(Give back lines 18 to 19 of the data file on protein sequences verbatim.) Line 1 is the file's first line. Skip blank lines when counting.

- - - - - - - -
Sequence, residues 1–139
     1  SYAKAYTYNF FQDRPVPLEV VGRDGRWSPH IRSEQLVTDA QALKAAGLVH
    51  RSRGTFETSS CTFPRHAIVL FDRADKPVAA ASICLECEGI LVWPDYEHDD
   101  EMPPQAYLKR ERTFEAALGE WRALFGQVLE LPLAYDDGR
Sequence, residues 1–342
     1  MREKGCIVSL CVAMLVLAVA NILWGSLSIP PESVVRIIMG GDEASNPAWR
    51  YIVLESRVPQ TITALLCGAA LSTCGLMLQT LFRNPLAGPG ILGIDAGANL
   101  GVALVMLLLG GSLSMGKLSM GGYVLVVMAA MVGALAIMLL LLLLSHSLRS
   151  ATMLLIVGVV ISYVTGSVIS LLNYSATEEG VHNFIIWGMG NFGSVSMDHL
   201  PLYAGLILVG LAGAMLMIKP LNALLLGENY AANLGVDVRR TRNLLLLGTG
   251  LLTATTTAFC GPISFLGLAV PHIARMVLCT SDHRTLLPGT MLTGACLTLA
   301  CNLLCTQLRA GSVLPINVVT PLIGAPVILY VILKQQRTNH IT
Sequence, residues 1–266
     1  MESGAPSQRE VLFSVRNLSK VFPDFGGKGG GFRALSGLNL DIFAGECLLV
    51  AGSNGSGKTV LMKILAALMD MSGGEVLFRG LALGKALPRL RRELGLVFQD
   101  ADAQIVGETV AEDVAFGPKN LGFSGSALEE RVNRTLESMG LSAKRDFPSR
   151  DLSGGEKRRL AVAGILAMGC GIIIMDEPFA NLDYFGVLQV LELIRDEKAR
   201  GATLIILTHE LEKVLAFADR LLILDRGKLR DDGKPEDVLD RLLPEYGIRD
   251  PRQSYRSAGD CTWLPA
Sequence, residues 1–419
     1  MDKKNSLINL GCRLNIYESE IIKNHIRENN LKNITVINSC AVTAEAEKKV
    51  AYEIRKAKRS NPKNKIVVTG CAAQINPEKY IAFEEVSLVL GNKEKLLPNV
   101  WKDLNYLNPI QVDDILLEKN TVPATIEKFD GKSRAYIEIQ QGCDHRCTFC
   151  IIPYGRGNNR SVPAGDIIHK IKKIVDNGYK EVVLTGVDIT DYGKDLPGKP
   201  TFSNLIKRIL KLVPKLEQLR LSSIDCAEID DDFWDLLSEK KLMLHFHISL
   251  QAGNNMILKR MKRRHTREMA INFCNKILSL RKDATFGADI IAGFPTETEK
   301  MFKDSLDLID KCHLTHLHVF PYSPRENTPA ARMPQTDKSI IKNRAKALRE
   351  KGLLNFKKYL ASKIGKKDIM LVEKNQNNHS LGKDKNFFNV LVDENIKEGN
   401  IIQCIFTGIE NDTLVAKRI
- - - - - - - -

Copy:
   201  GATLIILTHE LEKVLAFADR LLILDRGKLR DDGKPEDVLD RLLPEYGIRD
   251  PRQSYRSAGD CTWLPA